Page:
By Vicente Morin Aguado
HAVANA TIMES — Fidel Castro laid the institutional foundations of Cuban socialism when he announced a constitutional reform during the first congress of the Cuban Communist Party in 1975. The chief decision behind this declared the Party the sole “higher and guiding force of society and the State,” and it was founded on the alleged “infallibility of Marxist-Leninist doctrine, the basis of scientific communism.”
It is not my intention to minimize the contributions made by Marxism to universal thought (as anyone may do in a society where the kind of freedom that is constitutionally outlawed in our country exists). I aim at something different.
Can the scientific nature of a political doctrine actually be proven? The evident contradiction here takes us back to the classics, as both Marx (in his Thesis on Feuerbach) and Lenin (in Materialism and Empirocriticism) regarded practice as the highest criterion for truth.
If we could be certain a philosophical system could lead humanity to an earthly paradise, it would be sensible to accept such a conception of the world and the deceitful and demagogic proposal advanced by the communist leadership regarding the need to have a single Party (the Marxist-Leninist) guide society. However, as Lenin himself wrote in Statistics and Sociology, “facts are stubborn things.”
It’s important to recall the context Cuban communists lived in, 61 years after Lenin published those words:
“The constant growth of the power and influence of the world socialist system, the progress made by the communist and international workers’ movement in other parts of the world, the successes of national liberation movements, the changes favorable to international entente and the general weakening of imperialism around the globe, this makes the fundamental contradiction of our time, that between socialism and capitalism, develop in favor of revolutionary forces.” (First Congress of the Cuban Communisty Party, Thesis and Resolutions).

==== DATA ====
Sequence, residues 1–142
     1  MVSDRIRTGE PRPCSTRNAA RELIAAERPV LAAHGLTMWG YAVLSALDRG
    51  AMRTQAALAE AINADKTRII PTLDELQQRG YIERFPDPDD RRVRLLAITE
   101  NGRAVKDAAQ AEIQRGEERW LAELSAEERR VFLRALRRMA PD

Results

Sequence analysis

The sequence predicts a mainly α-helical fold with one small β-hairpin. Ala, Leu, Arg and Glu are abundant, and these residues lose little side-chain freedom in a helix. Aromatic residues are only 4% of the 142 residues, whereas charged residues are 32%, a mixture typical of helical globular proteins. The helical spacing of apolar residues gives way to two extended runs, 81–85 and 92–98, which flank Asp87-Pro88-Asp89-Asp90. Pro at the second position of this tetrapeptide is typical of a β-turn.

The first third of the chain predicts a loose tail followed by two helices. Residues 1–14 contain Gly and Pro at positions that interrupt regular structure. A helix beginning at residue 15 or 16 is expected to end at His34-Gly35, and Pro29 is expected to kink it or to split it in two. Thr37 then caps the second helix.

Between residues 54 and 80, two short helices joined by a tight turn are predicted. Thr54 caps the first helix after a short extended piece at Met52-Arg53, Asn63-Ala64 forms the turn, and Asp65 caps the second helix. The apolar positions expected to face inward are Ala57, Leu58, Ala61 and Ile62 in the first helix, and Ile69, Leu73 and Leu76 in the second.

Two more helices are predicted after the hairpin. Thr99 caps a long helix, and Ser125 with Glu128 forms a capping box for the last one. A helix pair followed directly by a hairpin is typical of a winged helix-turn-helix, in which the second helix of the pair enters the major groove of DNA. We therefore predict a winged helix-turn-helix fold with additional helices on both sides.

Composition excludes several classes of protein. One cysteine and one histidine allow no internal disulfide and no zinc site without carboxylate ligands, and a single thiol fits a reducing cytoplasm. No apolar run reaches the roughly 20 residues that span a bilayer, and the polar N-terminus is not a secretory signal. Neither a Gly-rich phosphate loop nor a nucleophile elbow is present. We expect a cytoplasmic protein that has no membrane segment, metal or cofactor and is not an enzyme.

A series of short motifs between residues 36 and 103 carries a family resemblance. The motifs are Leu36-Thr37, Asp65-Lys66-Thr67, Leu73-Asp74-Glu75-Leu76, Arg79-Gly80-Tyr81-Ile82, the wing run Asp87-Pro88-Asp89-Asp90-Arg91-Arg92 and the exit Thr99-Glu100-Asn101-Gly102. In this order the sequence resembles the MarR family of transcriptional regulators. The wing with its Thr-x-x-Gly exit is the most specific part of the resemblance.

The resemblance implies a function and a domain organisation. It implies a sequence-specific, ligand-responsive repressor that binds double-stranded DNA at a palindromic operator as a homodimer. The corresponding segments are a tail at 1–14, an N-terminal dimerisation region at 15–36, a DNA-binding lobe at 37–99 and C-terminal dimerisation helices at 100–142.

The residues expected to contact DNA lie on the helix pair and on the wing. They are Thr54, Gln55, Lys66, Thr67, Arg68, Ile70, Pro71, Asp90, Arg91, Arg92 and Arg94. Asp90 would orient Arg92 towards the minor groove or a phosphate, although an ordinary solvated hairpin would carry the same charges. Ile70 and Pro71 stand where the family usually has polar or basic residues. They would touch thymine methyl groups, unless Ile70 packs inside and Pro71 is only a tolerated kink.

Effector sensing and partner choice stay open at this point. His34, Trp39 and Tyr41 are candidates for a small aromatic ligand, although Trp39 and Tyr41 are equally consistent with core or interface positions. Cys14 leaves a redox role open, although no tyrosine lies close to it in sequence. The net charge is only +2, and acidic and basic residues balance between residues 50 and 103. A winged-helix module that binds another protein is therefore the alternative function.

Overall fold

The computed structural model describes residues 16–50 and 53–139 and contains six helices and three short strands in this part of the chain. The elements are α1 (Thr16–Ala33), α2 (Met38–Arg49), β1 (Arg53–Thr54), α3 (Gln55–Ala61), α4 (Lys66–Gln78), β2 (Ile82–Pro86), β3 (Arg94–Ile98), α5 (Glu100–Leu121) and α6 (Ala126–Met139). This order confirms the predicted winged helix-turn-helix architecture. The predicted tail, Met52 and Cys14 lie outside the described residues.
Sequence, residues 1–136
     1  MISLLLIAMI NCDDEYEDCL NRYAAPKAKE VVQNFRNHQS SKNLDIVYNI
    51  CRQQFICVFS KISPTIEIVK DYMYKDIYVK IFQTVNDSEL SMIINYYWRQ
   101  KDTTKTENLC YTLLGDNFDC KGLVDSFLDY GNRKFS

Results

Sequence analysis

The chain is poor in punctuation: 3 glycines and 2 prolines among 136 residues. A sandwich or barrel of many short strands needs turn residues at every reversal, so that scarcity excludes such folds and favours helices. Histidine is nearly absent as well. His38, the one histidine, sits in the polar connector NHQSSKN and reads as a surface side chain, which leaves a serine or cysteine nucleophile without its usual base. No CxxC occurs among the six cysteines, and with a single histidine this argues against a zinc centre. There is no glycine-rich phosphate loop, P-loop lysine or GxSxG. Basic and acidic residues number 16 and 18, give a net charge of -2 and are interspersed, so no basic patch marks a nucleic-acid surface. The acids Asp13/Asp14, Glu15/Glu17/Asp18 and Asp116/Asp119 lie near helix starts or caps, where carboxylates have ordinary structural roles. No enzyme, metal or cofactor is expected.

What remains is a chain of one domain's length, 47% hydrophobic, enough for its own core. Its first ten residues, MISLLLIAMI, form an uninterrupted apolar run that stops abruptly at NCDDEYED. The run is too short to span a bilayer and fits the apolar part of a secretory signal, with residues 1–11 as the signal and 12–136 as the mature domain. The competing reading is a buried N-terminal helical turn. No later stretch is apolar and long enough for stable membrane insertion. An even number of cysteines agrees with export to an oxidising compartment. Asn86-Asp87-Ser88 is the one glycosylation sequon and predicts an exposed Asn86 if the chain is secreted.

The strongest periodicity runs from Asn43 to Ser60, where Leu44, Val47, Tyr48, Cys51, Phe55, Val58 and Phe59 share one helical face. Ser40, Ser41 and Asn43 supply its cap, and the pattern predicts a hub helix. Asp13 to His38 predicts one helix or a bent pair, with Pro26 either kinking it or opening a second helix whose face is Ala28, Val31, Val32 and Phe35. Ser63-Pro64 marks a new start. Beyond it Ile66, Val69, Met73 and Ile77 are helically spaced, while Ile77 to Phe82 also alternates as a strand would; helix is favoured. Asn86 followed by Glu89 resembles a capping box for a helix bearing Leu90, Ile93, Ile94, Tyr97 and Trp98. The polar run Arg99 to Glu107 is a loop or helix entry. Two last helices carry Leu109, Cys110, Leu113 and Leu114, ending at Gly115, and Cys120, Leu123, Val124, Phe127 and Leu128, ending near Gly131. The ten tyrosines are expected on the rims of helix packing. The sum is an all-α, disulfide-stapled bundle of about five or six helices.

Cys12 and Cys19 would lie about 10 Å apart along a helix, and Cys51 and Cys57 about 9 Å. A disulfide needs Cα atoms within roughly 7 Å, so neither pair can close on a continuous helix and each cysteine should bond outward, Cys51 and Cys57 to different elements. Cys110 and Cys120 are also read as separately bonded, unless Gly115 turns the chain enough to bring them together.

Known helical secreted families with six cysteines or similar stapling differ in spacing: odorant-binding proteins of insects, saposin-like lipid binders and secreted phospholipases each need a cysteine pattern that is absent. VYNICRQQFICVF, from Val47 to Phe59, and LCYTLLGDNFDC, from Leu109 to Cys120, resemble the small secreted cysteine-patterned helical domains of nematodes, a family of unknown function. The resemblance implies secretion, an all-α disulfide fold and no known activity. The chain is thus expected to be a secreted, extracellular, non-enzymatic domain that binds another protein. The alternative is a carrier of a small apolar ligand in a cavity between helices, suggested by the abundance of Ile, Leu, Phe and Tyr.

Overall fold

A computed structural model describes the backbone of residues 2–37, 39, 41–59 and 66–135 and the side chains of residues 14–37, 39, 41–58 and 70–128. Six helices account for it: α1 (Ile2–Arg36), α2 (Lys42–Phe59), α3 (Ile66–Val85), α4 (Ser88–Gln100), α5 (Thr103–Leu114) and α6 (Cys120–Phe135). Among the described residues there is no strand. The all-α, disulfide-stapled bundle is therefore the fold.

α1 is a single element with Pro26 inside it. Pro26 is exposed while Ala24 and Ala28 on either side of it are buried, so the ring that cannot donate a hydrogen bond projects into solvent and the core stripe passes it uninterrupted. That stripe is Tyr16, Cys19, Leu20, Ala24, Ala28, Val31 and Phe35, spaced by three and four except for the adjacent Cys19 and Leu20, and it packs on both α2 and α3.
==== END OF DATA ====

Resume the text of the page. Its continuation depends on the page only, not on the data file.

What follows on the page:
The world today looks nothing like those predictions. I do not judge the authors of that paragraph for having believed what they wrote, I condemn them for having imposed on us the stupidity of considering one system of thought infallible (and mandatory).
Since then, we have been living under a peculiar form of secular theocracy, engendered by leaders who publicly declare themselves atheists. It is a foul affront on the ethical bases of human experience.
The collapse of world socialism and the generalized crisis of the Cuban experiment refute the claim that the doctrine in question is “scientific.” To avoid any sectarianism, one of the ills of Marx’s successors, we could say the exact same thing of any other political or religious creed.
Even in physics, a predictive science known for its concrete experiments and mathematical deductions, the uncertainty principle, which immortalized Werner Heisenberg in 1932, as well as an eternal dispute with determinist Albert Einstein, reign supreme.
The ambiguous and laconic socialist constitution of 1976, its ominous Article 5 and its timid and hypocritical amendments paves the road to a 5th Republic (if we count the one denied Cuban independence fighters in 1868 as the first).
Not even those in power today take the constitutional phrases prepared years ago seriously. Suffice it to note what they, their children and grandchildren actually do and say, and where they are. The facts, it seems, do tend to be stubborn.
We have lost half a century, and Jose Marti Marti still comes in our aid, without the need to ask Fidel Castro, Marx or Lenin permission to do so:
“Cuba’s Revolutionary Party has no intentions of delivering Cuba to a victorious group that regards the island as its prey and its property. Rather, it seeks to prepare whatever means are necessary to secure freedom from foreign domination, a war that is to be fought for the dignity and good of all Cubans, to present the entire country with a free homeland.” (from the Cuban Revolutionary Party, Article 5, 1892).
Is the number 5 a pure coincidence? The above statement couldn’t be clearer.
Vicente Morín Aguado: [email protected]